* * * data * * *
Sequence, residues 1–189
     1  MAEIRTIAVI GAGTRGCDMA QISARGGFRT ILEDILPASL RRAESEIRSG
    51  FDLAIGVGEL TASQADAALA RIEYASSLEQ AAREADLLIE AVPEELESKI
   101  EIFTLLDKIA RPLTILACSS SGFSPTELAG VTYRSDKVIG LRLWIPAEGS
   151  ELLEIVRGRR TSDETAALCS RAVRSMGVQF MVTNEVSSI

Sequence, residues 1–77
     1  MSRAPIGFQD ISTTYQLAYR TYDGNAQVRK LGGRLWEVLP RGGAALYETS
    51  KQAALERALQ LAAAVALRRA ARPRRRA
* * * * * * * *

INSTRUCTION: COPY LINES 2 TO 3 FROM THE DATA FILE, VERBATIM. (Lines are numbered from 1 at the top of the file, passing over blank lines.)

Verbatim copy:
     1  MAEIRTIAVI GAGTRGCDMA QISARGGFRT ILEDILPASL RRAESEIRSG
    51  FDLAIGVGEL TASQADAALA RIEYASSLEQ AAREADLLIE AVPEELESKI